There is a man I know well who was constantly stressed out on Sunday mornings. He made the coffee for our fellowship hour, and was always upset that things in the kitchen were not exactly the way he wanted them. And of course people would leave cups out, or there would be spills, or the dishwasher wouldn’t function just right. By the time this gentleman left the church he would be either furious or completely exhausted or both. His ministry was both loved and appreciated, but somehow he himself was always unhappy. One day as he fussed over the dishes and grumbled about the spills on the counter the woman helping him serve suddenly put down her dish towel and walked out to speak to someone. A friend of hers was obviously distressed and she wanted to offer words of comfort. He was furious. “A mature Christian doesn’t leave a mess”, he said. His companion replied simply, “God will forgive the mess”, and left him fuming.

The next day he called and wanted to talk to me. “Will God forgive a mess?” he asked. “Of course,” I said. As we talked it became clear that he thought of salvation in terms of general forgiveness, but not the pardoning of all those small sins and imperfections that mar every human life. So he was trying to make himself and everyone else perfect without God’s help. What a drain on his emotional and spiritual energy! Fortunately this was a turning point for him. Convinced that God did indeed forgive a mess, he began to consciously and constantly seek the Spirit’s assurance of God’s pardon for his small failures, and those of others. As he did, he found that gradually his vision of ministry was lifted beyond the minutia of kitchen organization to the fellowship and love engendered by his hospitality. And in loving humans, not coffee cups, and receiving their appreciation for his ministry and not his coffee, he discovered that Sunday afternoon could actually be rather relaxing - even if the dishwasher did break down.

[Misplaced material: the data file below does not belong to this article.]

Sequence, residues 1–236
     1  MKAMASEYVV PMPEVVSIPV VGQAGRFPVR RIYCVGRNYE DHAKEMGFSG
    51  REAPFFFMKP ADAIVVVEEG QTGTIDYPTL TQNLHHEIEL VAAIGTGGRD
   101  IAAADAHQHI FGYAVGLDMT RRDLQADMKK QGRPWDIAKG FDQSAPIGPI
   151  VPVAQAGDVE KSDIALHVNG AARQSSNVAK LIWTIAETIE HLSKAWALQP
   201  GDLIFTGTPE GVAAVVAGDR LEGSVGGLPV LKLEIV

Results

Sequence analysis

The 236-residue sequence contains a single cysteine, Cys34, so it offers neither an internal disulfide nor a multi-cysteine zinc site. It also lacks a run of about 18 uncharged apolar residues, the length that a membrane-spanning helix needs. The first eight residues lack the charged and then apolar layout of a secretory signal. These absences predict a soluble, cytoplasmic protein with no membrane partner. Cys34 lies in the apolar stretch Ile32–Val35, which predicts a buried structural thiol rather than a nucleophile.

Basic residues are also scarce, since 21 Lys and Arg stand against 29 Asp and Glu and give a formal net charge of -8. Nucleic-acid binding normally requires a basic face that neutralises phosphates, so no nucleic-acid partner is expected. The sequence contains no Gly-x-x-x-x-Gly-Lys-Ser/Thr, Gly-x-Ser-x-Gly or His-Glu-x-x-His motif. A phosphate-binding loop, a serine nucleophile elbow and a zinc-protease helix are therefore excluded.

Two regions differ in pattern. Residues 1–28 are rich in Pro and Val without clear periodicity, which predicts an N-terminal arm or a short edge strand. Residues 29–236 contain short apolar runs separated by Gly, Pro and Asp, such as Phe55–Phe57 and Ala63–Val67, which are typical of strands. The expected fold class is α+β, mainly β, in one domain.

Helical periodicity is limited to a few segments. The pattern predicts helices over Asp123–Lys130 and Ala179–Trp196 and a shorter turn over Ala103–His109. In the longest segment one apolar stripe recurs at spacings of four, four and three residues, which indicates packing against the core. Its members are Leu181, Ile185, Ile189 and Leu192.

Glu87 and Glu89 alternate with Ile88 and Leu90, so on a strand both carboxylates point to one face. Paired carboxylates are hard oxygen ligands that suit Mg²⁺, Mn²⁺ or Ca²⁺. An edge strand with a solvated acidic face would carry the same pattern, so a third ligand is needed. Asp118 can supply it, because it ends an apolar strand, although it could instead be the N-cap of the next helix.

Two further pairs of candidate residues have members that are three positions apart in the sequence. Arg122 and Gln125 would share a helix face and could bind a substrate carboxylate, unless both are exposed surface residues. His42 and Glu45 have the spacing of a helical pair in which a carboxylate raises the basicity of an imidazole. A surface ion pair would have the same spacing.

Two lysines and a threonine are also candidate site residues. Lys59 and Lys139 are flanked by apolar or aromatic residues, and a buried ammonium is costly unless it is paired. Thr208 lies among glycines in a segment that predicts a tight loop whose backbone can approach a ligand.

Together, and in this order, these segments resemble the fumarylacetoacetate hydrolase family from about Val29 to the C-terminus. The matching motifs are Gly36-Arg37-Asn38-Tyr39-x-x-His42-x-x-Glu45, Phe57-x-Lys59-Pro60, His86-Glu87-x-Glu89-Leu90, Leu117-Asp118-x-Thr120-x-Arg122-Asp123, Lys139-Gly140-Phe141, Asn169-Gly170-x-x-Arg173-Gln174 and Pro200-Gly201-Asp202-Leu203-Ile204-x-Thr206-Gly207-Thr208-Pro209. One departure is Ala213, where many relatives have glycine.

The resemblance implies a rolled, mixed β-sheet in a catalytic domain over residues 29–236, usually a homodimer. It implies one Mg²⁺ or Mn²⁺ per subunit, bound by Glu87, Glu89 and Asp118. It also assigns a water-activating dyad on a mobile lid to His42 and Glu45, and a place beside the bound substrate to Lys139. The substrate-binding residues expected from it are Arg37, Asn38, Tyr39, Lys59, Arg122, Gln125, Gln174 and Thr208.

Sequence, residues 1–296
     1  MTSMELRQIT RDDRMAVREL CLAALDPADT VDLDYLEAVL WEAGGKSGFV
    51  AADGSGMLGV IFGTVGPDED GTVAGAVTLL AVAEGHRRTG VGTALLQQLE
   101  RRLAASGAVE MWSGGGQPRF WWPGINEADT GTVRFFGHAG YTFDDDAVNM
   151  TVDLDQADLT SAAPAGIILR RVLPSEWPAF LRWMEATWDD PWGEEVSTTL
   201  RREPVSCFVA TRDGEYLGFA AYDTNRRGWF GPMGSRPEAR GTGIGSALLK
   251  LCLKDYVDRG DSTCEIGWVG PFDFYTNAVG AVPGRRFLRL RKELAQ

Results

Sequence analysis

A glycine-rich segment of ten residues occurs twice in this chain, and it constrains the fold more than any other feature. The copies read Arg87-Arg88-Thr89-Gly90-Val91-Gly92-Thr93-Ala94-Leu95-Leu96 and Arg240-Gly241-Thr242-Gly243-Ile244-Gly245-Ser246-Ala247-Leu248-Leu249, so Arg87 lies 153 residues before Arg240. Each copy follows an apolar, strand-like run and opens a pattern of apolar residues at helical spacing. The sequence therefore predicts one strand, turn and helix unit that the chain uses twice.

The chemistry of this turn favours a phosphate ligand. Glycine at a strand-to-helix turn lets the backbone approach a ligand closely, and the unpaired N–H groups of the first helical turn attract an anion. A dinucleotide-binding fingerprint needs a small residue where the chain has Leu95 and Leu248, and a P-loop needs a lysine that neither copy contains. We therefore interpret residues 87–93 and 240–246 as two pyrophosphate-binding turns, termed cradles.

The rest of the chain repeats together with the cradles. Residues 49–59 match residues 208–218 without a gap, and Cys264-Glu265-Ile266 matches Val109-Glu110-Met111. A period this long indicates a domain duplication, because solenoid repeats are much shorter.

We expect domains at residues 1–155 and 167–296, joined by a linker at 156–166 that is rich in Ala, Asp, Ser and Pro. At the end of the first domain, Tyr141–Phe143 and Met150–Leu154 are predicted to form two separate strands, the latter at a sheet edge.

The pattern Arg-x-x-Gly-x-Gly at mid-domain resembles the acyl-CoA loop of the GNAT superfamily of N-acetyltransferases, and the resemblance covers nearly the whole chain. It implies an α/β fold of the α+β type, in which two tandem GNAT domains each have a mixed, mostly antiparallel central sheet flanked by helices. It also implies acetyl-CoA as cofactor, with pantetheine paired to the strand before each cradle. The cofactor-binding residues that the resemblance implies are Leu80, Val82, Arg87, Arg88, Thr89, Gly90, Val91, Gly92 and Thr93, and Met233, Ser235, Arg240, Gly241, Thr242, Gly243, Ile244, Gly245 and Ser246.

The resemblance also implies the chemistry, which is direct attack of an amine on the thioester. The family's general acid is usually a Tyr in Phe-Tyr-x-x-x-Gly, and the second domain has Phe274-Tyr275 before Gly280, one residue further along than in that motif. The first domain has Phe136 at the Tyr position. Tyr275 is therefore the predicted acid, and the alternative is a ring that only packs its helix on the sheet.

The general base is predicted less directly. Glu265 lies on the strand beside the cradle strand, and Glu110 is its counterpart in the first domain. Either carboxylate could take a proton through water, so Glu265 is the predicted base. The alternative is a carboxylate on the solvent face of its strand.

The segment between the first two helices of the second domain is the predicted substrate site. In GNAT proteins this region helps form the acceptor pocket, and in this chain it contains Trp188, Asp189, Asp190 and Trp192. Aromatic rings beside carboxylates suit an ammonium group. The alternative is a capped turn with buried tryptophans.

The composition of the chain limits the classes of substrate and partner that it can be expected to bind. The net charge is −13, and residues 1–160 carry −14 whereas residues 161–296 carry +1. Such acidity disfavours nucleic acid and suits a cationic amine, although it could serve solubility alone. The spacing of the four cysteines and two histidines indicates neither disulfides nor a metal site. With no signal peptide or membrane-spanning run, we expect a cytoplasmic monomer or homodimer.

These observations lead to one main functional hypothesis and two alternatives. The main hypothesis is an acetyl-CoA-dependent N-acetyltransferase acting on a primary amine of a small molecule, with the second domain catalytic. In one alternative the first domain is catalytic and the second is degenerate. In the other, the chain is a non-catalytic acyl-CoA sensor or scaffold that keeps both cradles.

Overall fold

The presence of the Spirit in our lives frees us from the fear of guilt and punishment, and directs us towards the true purpose God has for us - which is love.

A rushing mountain torrent may seem like the epitome of power. The melting snow releases a vast store of energy, which can carve solid rock and sweep away huge boulders. Yet any engineer will tell you that only when that cataract is dammed, and mounts up into a beautiful, placid mountain lake, does it become useful. Backed up behind a dam, the tremendous energy of the water can turn a turbine and produce useful energy.

Paul writes, (Romans 8:6) “The mind of sinful man is death, but the mind controlled by the Spirit is life and peace” And this too is sanctification. A melted heart is a good thing. But a molded heart is a much better and useful thing.

Just as a dam disciplines a river, so the Spirit must discipline our lives if we are to be used by God. And the model we have of such a life, a life totally transparent to God’s Spirit, is Jesus Christ. Jesus is the Way: and so we follow his way of service to others. Jesus is the Truth; and so we seek through disciplined study to know the truth. Jesus is the Life: and so we seek to find life by every deepening our relationship with him. The “Service Sheet” is simply a daily reminder of ways in which to discipline your life toward God so that the Spirit can guide you toward completeness.

(Go over Service Sheet step by step)

At first this may seem like a lot. And it is. It’s a greater commitment to being open to God through the Spirit than most of have made before. But imagine what you are trying to accomplish with the Spirit! A life worthy of a son or daughter of God. Is there any other endeavor you have attempted which compares to this?

When humankind was first created God put Adam in a garden, to be a gardener. Perhaps the service sheet can remind us of this primeval vocation. We need to be attentive to the soil, but should never just be diggers in it. We need to be attentive to the seed, but never merely sowers. And we must attend to the flower, yet never be merely florists. From soil, to seed, to flower. From devotion, to study, to service. Ours work with God’s Spirit, our Sanctification, begins rooted in God’s love, and ends only when the world can see the beauty Christ in us. 

De Colores